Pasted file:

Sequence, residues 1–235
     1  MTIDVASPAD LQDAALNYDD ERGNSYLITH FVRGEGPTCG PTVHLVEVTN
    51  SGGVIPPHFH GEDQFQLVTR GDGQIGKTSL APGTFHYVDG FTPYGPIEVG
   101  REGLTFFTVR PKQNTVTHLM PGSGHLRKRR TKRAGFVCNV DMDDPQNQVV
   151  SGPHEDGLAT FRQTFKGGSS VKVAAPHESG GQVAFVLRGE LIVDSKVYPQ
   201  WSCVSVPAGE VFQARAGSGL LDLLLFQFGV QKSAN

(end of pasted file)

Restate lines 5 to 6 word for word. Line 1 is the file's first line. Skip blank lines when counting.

   151  SGPHEDGLAT FRQTFKGGSS VKVAAPHESG GQVAFVLRGE LIVDSKVYPQ
   201  WSCVSVPAGE VFQARAGSGL LDLLLFQFGV QKSAN